Botswana

Gearing up for a Photo-Safari with Olympus

Photography

Joe Hanly

5/3/2020

Using the Olympus camera gear while in camp is the ideal way to capture your safari memories. The cameras are a pleasure to use – for both the novice and the experienced photographer – and with the help of our Olympus-trained staff, you will be guided to get the best out of both the cameras and the photographic opportunities that will come your way. Here are some tips:

• Check your gear and have it ready to before you start your game drive.

Check your battery is charged, your memory card is in the slot and has space. Nature has many surprises, so it’s important to anticipate them and be ready to capture them right from the get-go. Have your camera out of your bag and ready to shoot when you leave. When you arrive at a sighting, especially one that might have some action, keep your camera up to your face with one eye looking through the viewfinder, so that you can capture the action as it enters your frame. Keep your other eye open to scan what is going on outside the view of your camera, and you won’t miss anything.

• The Olympus 40-150mm lens has a great variable focal length and is ideal for shooting wildlife.

It allows you to shoot with several focal lengths, so you can shoot a close-up, or quite wide, without having to change lenses. At a sighting, there may not be much time to change lenses, so it is handy to have a versatile lens like the 40-150mm lens. The x1.4 converter gives you a little extra reach to play with. For action, especially where the movement is erratic, zoom out slightly so you don’t accidentally crop out anything important. Shoot wide to demonstrate scale, and a sense of the environment. Zoom in to your subject to capture some of the smaller details and textures, too.

• Use a wider aperture to isolate the subject so that it pops against a blurry background and foreground. Using a longer lens and a wider aperture will accentuate the sense of blur.

• At a sighting, shoot the moment first, documenting what you see and what action might be taking place. Then, if time allows it, get creative with the composition and lenses.

Some of the best action is often around sunrise and sunset, when the light conditions might be changing. If you have a teleconverter on, it may be worth taking it off as the light fades, as you will want to maximise the speed of your lens by opening the aperture as wide as possible. The 40-150mm is an f2.8 lens and with the impressive image stabilisation capabilities of the Olympus system, you can afford to slow your shutter speed down, if needs be, without worrying about a shaky image.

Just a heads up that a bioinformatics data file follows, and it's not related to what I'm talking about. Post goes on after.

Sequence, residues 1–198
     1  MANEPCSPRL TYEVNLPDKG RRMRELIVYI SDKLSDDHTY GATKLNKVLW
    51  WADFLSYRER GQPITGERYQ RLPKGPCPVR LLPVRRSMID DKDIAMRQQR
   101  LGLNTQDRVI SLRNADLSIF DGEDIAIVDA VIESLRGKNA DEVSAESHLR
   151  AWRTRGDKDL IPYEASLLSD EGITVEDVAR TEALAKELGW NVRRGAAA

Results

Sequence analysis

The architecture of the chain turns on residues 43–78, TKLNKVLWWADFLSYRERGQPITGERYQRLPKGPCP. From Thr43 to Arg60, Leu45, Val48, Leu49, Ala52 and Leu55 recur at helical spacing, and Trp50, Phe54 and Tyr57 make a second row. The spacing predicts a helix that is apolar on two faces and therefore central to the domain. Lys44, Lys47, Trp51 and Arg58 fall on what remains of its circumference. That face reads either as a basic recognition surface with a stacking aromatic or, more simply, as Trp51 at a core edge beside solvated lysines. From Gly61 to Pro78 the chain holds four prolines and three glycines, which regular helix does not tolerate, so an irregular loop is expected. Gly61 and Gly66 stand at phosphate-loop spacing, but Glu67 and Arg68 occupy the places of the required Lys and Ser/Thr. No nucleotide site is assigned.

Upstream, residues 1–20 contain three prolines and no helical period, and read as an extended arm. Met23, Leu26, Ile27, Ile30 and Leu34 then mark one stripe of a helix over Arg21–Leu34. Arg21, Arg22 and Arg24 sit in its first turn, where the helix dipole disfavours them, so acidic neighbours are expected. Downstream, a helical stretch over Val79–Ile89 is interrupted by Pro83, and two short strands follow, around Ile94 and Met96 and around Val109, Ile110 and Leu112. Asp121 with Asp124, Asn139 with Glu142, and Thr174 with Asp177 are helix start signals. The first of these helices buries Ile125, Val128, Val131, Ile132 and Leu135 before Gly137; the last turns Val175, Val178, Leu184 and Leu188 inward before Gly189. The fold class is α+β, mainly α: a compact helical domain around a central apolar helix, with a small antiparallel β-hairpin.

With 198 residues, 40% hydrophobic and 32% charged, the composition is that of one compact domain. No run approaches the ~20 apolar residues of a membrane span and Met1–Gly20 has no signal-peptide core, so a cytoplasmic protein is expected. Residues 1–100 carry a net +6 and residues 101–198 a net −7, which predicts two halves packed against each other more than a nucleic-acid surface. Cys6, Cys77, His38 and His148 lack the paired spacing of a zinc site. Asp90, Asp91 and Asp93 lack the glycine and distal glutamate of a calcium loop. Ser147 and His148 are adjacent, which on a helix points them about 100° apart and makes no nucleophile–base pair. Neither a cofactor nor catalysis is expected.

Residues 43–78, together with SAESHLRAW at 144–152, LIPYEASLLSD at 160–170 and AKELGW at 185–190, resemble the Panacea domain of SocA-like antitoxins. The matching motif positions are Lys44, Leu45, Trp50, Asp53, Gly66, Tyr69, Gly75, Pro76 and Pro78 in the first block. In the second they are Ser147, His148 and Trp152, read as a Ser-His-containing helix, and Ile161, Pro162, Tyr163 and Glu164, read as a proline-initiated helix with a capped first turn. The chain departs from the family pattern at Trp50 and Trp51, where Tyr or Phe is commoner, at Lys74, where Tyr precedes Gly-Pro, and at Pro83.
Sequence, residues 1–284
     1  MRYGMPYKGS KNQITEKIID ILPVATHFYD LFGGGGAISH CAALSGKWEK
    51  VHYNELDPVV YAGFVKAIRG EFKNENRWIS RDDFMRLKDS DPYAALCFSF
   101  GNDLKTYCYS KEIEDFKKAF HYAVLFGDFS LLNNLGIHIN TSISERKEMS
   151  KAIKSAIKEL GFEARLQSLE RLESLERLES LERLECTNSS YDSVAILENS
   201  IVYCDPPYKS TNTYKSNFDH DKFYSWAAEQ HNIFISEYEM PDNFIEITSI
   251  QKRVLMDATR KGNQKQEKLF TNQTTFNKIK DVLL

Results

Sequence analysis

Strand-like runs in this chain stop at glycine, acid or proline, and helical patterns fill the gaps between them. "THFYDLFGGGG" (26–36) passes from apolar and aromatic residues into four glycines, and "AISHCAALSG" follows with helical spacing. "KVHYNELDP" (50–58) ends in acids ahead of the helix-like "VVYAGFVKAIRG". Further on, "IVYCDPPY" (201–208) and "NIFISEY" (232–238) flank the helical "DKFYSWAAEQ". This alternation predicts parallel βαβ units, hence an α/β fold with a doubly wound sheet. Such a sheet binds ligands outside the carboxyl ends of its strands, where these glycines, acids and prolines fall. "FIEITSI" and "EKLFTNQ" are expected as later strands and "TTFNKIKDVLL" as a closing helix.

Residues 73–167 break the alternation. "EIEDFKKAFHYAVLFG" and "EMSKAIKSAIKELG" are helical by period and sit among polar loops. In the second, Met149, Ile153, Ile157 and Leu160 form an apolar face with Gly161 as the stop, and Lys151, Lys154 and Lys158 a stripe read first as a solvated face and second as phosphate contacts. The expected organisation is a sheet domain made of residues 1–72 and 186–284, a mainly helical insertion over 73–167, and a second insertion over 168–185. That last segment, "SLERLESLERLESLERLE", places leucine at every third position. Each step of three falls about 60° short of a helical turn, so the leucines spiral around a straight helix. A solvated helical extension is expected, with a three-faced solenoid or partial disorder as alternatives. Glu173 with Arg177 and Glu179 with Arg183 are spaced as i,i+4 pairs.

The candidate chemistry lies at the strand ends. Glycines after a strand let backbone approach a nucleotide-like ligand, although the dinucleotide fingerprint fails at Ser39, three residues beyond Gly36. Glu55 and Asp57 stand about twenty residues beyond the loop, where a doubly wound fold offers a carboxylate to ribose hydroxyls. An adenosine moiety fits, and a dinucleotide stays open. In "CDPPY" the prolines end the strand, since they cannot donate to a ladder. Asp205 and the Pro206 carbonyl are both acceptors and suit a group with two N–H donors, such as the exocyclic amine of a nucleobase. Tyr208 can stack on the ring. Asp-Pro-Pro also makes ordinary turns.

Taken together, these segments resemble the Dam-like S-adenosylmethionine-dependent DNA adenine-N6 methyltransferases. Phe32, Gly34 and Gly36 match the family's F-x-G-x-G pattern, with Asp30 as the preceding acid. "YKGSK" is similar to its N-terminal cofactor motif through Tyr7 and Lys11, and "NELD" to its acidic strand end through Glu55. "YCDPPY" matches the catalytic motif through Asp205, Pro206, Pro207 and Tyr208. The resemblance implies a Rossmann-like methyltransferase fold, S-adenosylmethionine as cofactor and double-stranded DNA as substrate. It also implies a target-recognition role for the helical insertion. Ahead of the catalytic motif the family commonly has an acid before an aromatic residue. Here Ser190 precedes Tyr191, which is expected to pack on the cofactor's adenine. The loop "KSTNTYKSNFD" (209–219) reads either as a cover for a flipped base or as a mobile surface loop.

• Use back button focusing to avoid missing focus at those key moments.

Back button focusing separates the focus and shutter responsibilities from the shutter button to an exclusive button at the back of the camera. Using your thumb on the back button to lock focus, you can then concentrate on composing your shot and waiting for the action to take place; your index finger ready on the shutter button to capture the definitive moment.

• Shoot in bursts.

The Olympus system allows you to shoot multiple frames when you squeeze the shutter, which will help you to ensure you capture a sharp image and to select the best frame. You would want to capture the subject's movement at the right moment; just as a lion curls its tail, or just as an elephant opens its ears for example. By shooting in bursts you should be able to nail the perfect moment. Use Pro Capture mode to ensure you capture all of the fast action by buffering pictures before you even press the shutter! This nifty feature takes the pressure off you to react to the action, without worrying about missing the shot. Squeezing the shutter button halfway will engage the camera to start buffering a series of frames while you wait for the action to start. As soon as it does, squeeze the shutter button all the way, and all those frames will be captured.

• Light is hugely important in photography, but can't really be controlled in wildlife photography. Use exposure compensation to lighten and darken your picture if the camera's exposure is either too light, or too dark.

• Use the articulated LCD screen on the Olympus OMD EM1 Mark II to allow you to view, and shoot from different perspectives. Changing your perspective always adds another level of interest to your pictures.

• Communicate with your guide about how you would like the vehicle positioned.

Check the light direction/angle – perhaps you prefer the subject sidelit or backlit? Let your guide know so he/she can position the vehicle for you. There may be distracting twigs in your frame; communicating this with the guide will allow him to reposition the vehicle for a clearer shot.

• Put down your camera, don't forget to enjoy the moment too!

While it's great to capture the visual aspects of a safari on camera, it’s the feeling, the sounds, and the smells that really make the safari magic. It’s the crackle and glow of the campfire at night, the starlit sky and the night-time noises. It's the smell of the coffee brewing at daybreak as the first francolins announce the start of a new day. It’s the excitement that grips you as the vehicle sets off, the fresh morning air pinching you awake. The camera can capture most things, it’s important to treasure the rest.

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